Reincarnation

by Anand Patel


“I feel like this above all the others is the season of change. Sure spring comes with its leaves and flowers and what not and that's cute... but Autumn is all about change.  I remember being a kid and waking up on the first day of september (yeah... I know that's not actually the first day of fall but just go with me on this) and just being filled with dread. Way too many things were about to happen and change.  The long lazy days and ethereal nights were done and gone; reality had come crashing back as summer receded into the distance of memories past.  Autumn destroyed the oneiric ecstasy of july and replaced it with the dry harsh cold of september.  Classwork and assignments and projects filled the void of running barefoot in the grass and swinging on tree branches.  More than the work, I dreaded the change, the fact that I had to let something go and replace it with tedium.  Basically... I associated change with dread and fear and anxiety and misery since childhood.  But... does it need to be like that? I dunno.

 

 

I mean... Its not as if the concept of change comes at us like a curve ball. We're all pretty much aware, especially as adults, that things change all the time.  Hell... even as kids, we make the transition from elementary to middle to high school; our friend circles change and shift all the time; cool kids become lame, and the socially awkward quiet kid in the back suddenly becomes the most popular kid. So "change" shouldn't come as a surprise to us. At all. And yet when it does, we get flustered and worked up. We hesitate to make changes, making excuses as to why things need to stay the way they are. We fight hard to maintain the status quo in our lives all the while complaining about how boring, tedious, mundane our lives are; and that applies to me too! It isn’t as if I don’t pause when it comes time to change things up.  I’ll simultaneously want to spice things up and keep everything the same saying, “yeah… I’m not sure I’m ready for that yet…”  But life doesn’t really give a damn about whether or not you’re ready.  When it’s time, it’s time.  We get older; our childhood comes to an end; adolescence melts into adulthood; relatives and loved ones drift away or die and new family members and friends somehow make their ways into our lives.  We age; our bodies change; what we used to be able to do at 19, we can’t anymore at 30.  Hairlines recede and wrinkles begin to show exactly how “experienced” (which I’ve learned is just a nice way of saying old) we are.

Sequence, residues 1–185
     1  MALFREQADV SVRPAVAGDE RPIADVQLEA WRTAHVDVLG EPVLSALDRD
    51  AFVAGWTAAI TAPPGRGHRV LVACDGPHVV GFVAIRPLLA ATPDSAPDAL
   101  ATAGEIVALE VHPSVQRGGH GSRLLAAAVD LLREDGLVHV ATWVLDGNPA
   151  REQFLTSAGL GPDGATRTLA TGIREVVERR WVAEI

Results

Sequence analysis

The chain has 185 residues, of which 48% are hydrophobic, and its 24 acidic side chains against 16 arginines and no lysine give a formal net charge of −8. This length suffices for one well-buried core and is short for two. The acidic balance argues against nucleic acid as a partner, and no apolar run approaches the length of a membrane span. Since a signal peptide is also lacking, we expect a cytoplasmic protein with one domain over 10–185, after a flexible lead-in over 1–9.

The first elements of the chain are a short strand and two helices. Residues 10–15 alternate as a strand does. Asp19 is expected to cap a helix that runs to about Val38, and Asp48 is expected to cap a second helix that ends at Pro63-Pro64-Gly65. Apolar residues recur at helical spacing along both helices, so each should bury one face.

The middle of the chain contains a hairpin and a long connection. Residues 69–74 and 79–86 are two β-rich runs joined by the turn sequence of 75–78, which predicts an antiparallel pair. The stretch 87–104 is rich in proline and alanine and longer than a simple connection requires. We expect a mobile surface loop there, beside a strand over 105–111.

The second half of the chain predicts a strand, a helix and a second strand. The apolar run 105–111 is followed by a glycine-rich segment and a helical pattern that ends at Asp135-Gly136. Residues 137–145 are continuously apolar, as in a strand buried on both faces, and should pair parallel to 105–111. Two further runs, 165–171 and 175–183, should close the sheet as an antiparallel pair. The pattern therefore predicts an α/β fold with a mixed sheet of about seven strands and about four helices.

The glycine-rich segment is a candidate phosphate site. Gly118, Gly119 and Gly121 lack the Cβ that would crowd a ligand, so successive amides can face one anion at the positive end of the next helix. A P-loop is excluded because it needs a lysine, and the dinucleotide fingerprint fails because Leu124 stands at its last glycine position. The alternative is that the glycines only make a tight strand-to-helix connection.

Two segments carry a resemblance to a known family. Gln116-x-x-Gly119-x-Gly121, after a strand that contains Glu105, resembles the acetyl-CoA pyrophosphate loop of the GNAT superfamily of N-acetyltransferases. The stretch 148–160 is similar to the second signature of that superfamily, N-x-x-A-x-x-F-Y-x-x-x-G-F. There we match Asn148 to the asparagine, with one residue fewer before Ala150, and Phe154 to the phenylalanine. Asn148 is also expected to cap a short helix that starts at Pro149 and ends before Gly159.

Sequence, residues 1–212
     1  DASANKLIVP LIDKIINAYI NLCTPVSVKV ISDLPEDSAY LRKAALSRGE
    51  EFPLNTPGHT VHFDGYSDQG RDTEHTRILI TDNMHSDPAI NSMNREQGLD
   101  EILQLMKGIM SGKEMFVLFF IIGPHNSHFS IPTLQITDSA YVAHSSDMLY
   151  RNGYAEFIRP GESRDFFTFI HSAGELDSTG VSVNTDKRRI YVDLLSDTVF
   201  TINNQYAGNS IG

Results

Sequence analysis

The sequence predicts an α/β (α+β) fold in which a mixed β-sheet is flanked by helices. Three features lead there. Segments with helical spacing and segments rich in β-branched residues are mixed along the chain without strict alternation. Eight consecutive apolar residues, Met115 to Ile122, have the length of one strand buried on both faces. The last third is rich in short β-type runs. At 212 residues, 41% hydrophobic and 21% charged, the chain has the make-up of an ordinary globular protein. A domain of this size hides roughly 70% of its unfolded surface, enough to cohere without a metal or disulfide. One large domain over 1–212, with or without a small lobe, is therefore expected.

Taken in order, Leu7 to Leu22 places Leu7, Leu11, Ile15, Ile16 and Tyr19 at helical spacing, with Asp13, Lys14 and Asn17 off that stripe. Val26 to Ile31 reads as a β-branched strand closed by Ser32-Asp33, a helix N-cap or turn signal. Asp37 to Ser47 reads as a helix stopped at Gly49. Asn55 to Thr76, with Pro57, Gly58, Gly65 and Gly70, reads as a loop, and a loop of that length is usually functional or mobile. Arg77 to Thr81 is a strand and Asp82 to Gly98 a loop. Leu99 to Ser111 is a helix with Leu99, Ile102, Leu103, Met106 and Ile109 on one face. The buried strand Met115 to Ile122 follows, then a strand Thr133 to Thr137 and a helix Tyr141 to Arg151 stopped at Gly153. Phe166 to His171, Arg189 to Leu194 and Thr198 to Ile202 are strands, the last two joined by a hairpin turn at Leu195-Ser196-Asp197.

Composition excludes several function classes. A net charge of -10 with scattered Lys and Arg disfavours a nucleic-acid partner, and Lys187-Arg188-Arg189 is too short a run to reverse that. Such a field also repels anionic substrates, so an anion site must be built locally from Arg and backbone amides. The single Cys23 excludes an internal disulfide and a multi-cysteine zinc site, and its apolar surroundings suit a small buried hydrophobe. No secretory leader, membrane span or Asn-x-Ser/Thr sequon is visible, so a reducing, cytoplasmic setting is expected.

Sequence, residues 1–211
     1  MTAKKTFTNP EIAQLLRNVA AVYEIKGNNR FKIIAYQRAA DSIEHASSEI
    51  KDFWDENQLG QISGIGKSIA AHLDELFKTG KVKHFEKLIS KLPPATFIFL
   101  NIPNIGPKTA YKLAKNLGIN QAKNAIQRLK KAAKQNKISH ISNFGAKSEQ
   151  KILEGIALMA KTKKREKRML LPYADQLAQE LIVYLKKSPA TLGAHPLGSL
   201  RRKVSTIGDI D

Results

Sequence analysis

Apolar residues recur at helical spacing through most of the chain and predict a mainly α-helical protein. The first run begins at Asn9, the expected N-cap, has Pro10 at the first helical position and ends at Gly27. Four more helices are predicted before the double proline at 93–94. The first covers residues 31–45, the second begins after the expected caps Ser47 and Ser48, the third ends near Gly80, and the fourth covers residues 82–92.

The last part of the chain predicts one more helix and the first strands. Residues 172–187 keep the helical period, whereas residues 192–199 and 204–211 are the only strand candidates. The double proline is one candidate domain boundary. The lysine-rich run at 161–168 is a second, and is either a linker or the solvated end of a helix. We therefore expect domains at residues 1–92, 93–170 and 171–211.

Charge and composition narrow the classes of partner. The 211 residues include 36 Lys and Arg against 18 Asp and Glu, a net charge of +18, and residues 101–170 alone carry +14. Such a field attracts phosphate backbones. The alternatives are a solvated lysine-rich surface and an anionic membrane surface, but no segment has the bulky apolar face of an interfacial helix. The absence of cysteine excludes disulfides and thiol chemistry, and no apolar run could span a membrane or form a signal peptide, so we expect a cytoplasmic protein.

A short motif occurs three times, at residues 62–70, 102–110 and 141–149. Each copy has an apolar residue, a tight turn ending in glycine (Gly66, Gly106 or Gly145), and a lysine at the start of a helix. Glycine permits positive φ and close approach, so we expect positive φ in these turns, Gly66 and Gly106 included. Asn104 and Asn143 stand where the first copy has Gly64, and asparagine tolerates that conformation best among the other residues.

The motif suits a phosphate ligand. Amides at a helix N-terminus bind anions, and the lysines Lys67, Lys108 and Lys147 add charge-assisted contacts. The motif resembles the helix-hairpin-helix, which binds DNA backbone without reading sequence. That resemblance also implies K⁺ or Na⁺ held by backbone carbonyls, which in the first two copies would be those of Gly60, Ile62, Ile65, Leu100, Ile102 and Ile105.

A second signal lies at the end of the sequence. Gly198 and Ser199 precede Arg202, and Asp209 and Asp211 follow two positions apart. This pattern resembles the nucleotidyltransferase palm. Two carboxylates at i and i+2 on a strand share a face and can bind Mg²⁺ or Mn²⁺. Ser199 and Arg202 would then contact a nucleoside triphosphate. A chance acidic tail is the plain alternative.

No one asks whether we want these changes. No one prepares us for these events.  We’re pushed to accept change… we constantly engage in redesigning, recreating, redefining ourselves.  We’re born and as we travel through time, we are reborn, time and again… as the circumstances of our lives change so do we.  Our environment affects our feeling of completeness or… on the other side, incompleteness.  And I think it’s because of  this feeling of incompleteness that we actively add and weed out different components of ourselves.  We adapt as times change.  We embody different ideals and principles. It’s almost like we’re driven by this crazy desire to reach some kind of stasis with ourselves, like we’re trying to match who we think we are (or who we’d like to think we are) with whom the world sees us as.

 

All the while, we’re fully aware of the fact that our lives are constantly subject to change and that too without any prior notice.  But… somehow we convince ourselves that once we reach some pre-set goal our life is going to be set. It’ll be smooth sailing from there; That life is just going to remain constant, consistent, changeless.  But once we realise that we’ve changed… someone points it out to us, or it just suddenly hits us, “shit… I’m not the same as I was before _____.” Once we realise that we’ve changed, we wonder how it was that we ever did or said or believed what we did.  We look back on ourselves, on the people we hung out with, the music we listened to, the things we did as though someone else did them… like, “that wasn’t me… that’s not the real me. THIS here, now, this person is the real me.”  Then the focus and emphasis is placed on moving forward: because at that point, that’s all that we CAN do.  We can’t go back and change the things we did or the words we said. We can’t take back what we’ve put out into the world.  That’s just going to be there. Forever. And this is when we’ll feel regret and sorrow… but they won’t change what’s already come to pass. The present and future is all we can think about, focus on, cherish, and hold on to. Rebirth is a fresh start. Reincarnation is hope.”

 

-The Hidden Grounds